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Angie Drobnic Holan
By Angie Drobnic Holan April 22, 2008

Yes, he did

Making a hard-charging statement and then denying you ever said it is a tricky proposition in the best of circumstances. It's particularly difficult when the initial statement and the denial are caught on tape and posted to the Internet.

Which brings us to the case of former President Bill Clinton on the campaign trail in Pennsylvania.

On April 21, 2008, Clinton gave a provocative interview to National Public Radio affiliate WHYY in which he said the Obama campaign "played the race card on me." He later denied saying that. Given the seriousness of the original charge — the ex-president claiming his wife's rival for the Democratic nomination tried to exploit racial issues to damage him — we decided to examine Clinton's denial of that charge.

Did he say it or didn't he? He did. Here's how it happened:

WHYY interviewer Susan Phillips asked him about the South Carolina primary, when he compared Barack Obama's January win there to Jesse Jackson's win in 1988. Phillips said at least one black leader had been offended by that comparison, saying it marginalized Obama, and switched support from Hillary Clinton to Obama.

Phillips asked, "Do you think that (comment) was a mistake, and would you do that again?"

Clinton gave a lengthy response, which you can hear via YouTube here . For our fact-checking purposes, the relevant passages are below:

"No. I think that they played the race card on me. ... I said, if you go back to what I said. ... First of all, there was a conversation that I engaged in that included two African-American members of Congress, who were standing right there, who were having the conversation with me. And I said that Jesse Jackson had won a good campaign with overwhelming African-American support and white supporters. And this was started off because people didn't wanna — they wanted to act like, for reasons I didn't understand, that Senator Obama didn't have this African-American support, or they thought his white support was better because Jesse Jackson had blue-collar working people, and most of Senator Obama's support were upscale, cultural liberals. So it was like beneath them to be compared to Jesse Jackson.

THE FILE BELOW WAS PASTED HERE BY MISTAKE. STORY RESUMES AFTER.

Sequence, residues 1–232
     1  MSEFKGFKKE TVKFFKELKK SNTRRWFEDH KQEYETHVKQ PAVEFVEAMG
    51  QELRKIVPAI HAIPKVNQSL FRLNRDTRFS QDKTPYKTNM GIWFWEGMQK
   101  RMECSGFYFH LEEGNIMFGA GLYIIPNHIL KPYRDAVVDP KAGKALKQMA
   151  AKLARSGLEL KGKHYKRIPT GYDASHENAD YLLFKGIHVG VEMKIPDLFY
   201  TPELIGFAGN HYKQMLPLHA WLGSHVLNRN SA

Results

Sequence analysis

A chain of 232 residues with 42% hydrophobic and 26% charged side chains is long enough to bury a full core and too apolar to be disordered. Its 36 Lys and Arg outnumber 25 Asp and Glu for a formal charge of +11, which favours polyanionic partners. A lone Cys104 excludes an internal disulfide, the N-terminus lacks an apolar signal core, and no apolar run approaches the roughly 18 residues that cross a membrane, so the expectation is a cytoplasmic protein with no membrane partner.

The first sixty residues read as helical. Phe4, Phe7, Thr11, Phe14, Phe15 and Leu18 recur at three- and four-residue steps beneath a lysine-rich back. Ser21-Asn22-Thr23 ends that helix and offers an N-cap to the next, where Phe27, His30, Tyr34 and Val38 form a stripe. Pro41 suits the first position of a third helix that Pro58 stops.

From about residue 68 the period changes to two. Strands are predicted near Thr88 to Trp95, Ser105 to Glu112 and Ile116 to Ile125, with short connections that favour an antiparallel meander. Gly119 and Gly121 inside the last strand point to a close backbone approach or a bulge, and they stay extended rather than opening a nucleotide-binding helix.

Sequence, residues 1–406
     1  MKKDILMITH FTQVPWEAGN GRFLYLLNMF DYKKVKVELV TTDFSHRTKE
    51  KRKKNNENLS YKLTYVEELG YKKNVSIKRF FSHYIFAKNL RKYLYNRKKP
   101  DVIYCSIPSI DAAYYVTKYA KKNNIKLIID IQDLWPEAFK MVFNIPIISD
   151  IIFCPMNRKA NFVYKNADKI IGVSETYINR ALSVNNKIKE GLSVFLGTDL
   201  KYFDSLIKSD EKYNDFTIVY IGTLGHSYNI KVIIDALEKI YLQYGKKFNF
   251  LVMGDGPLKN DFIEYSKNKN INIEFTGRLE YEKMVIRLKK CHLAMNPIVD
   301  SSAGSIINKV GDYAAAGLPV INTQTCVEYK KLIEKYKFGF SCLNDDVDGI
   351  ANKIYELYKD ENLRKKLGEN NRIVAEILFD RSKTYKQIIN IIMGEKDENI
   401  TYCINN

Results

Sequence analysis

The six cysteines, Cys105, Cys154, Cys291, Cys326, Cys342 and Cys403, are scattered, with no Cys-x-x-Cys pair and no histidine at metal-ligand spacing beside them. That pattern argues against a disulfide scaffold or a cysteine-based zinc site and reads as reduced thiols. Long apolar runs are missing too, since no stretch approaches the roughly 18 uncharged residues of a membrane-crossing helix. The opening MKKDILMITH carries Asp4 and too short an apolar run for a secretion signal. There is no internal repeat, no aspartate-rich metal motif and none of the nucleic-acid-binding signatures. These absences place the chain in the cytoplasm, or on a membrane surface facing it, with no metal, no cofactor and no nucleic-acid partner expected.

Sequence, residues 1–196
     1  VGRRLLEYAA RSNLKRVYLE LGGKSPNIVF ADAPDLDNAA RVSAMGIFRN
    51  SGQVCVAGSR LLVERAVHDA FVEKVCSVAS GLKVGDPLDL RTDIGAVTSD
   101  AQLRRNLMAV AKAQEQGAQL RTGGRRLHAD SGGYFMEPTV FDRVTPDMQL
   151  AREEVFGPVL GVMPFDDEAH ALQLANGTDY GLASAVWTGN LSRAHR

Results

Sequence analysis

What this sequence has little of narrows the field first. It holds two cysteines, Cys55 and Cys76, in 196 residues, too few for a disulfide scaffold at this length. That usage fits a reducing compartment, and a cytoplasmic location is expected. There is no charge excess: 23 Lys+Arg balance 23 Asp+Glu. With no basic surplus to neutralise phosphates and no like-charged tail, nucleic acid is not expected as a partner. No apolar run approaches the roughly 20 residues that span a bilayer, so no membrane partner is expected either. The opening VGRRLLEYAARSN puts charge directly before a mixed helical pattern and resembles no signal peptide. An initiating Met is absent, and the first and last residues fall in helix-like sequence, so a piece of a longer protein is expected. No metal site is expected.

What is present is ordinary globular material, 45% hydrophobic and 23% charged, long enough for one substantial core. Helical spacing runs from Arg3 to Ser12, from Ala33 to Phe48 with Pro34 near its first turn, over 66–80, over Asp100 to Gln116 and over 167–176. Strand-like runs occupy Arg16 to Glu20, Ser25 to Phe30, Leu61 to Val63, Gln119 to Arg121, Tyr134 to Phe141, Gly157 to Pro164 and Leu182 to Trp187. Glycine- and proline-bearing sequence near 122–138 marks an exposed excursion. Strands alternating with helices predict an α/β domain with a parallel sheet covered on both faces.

"I respect Jesse Jackson. He's a friend of mine, even though he endorsed Senator Obama. One of his sons and his wife endorsed Hillary. Their whole family's divided. But his campaign in 1988 was a seminal campaign in American history. It was the first campaign ever to openly involve gays. Hillary's chief delegate counter, Harold Ickes, worked his heart out for Jesse Jackson. I frankly thought the way the Obama campaign reacted was disrespectful to Jesse Jackson. And I called him and asked him if he found anything offensive, and he just laughed and he said, 'Of course I don't. We all know what's going on.' ...

"And this was used out of context and twisted for political purposes by the Obama campaign to try to breed resentment elsewhere. And, you know, do I regret saying it? No. Do I regret that it was used that way? I certainly do. But you really gotta go some to try to portray me as a racist."

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So, here's where Clinton gets in trouble. The next day, NBC News' Mike Memoli asked Clinton about some of the things he had said in that radio interview.

NBC: "Sir, what did you mean yesterday when you said that the Obama campaign was playing the race card on you?"

Clinton: "When did I say that, and to whom did I say that?"

NBC: "On WHYY radio yesterday."

Clinton: "No, no, no. That's not what I said. You always follow me around and play these little games, and I'm not going to play your games today. This is a day about election day. Go back and see what the question was, and what my answer was. You have mischaracterized it to get another cheap story to divert the American people from the real urgent issues before us, and I choose not to play your game today. Have a nice day."

NBC: "Respectfully sir, though, you did say ..."

Clinton: "Have a nice day. I said what I said, you can go and look at the interview. And if you'll be real honest, you'll also report what the question was and what the answer was."

You can read more of the exchange and watch the video here .

It's hard to know what more to say on this one. Clinton was asked to explain an intriguing accusation he made against the Obama campaign and responded by saying he didn't say it. But he did. Even when we review the full context of the original radio interview, as Clinton suggests, the facts here don't budge. We say ... Pants on Fire!

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